“Capitalist society is and has always been horror without end.” (Lenin)
The current refugee crisis has brought out some of the horrors of capitalist society, as well as the contrast between the basic human solidarity of ordinary working people and the cold calculation and callousness of capitalist rulers in Europe and elsewhere.
The images of men, women and children fleeing the horrors of civil war, hunger and destruction only to find death at sea or in the back of lorries and be confronted by barbed wire, riot police, detention camps and forced deportation, have shocked millions and forced them to think about the causes and solutions to this situation.
It is our duty to first of all provide answers and understand what are the origins of this crisis. Refugees are fleeing countries which have been plunged into civil war. The biggest numbers now making their way into Greece and then to Hungary are from Syria, Afghanistan and Kosovo. Imperialist war and meddling is directly responsible for the situation in these countries.
The defeat of the popular uprising in Syria and its descent into reactionary sectarian insurgency was the result of the intervention of the Gulf States and Saudi Arabia, as well as the main imperialist powers, the US, Britain and France. The rise of ISIS is the direct consequence of the imperialist invasion of Iraq. The ongoing civil war in Afghanistan can be traced back again to the imperialist war and even further back to the US and Saudi support and funding for the reactionary mujahadeen. The situation in Kosovo is the latest chain in the reactionary breakup of Yugoslavia, fomented and encouraged by the imperialist meddling of Germany over 20 years ago.
Imperialism is responsible for the situation which has pushed millions out of their countries but it is not prepared to accept the consequences. The bombing of Libya, carried out for so-called “humanitarian” reasons, has led to the collapse of state structures in the country and large parts of the territory being run directly by reactionary Islamic fundamentalists. The Gaddafi regime was a brutal one. It collaborated with the fortress EU policy (in exchange for subsidies) by keeping sub-Saharan African migrants and refugees in detention camps in terrible conditions. However, Marxists always stressed the fact that the task of overthrowing Gaddafi belonged to the Libyan masses. Where such regimes have been overthrown by imperialist intervention, rather than achieving “modern democratic regimes”, it has led to barbarism. In such conditions, therefore, the downfall of the Gaddafi regime simply allowed other reactionary forces to emerge, with the de facto breakup of the country, which has opened a route into the not so distant Italian islands.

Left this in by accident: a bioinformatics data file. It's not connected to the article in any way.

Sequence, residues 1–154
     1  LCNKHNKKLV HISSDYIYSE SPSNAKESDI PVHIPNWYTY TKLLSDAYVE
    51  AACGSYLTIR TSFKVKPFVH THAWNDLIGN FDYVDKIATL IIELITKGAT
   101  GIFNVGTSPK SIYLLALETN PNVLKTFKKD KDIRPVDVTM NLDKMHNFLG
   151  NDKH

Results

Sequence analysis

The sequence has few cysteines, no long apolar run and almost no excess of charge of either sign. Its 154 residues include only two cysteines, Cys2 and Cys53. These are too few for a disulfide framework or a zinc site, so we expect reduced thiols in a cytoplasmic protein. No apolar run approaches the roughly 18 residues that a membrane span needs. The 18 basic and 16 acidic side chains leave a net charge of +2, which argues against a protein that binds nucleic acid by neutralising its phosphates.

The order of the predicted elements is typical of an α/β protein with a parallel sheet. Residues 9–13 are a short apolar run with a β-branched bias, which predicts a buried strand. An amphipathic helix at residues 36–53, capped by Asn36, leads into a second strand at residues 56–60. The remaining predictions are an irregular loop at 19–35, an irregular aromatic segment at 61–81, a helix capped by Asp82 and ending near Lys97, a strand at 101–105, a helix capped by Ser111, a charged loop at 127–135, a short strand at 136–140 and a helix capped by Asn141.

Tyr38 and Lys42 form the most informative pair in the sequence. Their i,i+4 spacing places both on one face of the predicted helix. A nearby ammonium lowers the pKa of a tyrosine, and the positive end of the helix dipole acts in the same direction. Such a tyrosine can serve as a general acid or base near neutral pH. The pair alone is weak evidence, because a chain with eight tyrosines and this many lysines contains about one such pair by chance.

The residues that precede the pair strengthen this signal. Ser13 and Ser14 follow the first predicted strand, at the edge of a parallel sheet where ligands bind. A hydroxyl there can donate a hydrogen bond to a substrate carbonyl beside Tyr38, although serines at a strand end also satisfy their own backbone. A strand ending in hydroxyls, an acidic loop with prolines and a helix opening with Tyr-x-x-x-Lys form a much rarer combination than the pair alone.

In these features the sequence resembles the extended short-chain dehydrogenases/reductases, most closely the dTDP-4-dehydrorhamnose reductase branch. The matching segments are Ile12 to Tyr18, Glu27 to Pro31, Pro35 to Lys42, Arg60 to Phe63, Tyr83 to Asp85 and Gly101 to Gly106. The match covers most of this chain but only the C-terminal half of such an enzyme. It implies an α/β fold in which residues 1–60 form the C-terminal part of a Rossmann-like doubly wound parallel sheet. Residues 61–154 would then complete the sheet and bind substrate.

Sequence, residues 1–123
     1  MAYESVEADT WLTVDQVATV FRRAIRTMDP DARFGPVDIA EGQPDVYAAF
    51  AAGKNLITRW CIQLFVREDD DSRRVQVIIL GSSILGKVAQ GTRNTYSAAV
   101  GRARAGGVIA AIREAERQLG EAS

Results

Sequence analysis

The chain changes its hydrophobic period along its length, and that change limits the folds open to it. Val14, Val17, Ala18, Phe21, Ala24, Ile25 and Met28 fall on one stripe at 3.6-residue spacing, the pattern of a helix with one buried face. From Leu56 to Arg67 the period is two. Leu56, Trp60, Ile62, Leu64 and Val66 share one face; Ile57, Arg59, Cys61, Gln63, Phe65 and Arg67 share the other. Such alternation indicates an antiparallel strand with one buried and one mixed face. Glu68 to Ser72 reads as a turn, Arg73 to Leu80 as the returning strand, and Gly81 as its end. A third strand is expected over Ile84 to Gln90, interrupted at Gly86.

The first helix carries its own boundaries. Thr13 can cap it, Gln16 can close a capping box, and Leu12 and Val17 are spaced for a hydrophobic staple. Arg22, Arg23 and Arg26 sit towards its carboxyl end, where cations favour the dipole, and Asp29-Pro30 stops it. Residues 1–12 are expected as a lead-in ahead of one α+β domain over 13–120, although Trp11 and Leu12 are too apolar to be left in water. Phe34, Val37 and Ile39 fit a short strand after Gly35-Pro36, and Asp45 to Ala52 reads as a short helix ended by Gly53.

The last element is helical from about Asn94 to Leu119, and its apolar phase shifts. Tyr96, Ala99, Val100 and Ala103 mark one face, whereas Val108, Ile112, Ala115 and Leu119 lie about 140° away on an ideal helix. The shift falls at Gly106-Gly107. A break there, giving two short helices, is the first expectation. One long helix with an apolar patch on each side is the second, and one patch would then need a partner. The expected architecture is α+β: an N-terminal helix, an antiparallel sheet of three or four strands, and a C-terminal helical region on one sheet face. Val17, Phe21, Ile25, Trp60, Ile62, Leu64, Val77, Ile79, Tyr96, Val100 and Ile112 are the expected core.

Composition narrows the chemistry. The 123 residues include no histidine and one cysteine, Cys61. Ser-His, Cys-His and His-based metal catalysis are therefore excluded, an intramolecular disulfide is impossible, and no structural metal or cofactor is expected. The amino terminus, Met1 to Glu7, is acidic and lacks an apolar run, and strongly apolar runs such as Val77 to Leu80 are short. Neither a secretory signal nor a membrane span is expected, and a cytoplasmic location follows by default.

From our point of view there can be no fundamental difference between refugees and migrants. Both groups are fleeing capitalism’s imposed horrors in their countries of origin. Some might be pushed mainly by civil war and human rights abuses, others are fleeing hunger and deprivation brought on by imperialist exploitation. In most cases it is actually a combination of both: hunger and deprivation brought on by war, violation of basic human rights such as the right to a roof over one’s head and a meal on one’s table.
The response of the European Union, now and in the past, has been that of building up walls and ever more sophisticated systems to prevent the entry of the hungry and the fearful. In 15 years the EU has spent 1.6 billion euro in developing physical and economic barriers to prevent the entry of migrants. Four large multinational companies have benefited from the majority of these lucrative contracts (Airbus, Thales, BAE and Finmeccanica). All of them are amongst the world’s ten largest arms manufacturers. In the same period of time the EU and Schengen countries have spent 11 billion euro in centrally coordinated deportations (which are only a small proportion of the total number). European capitalists pride themselves at the destruction of the Berlin Wall, while they are busy building walls in Ceuta and Melilla, Serbia, Bulgaria and now Hungary. Large amounts of money are also spent in funding detention camps in non-EU countries.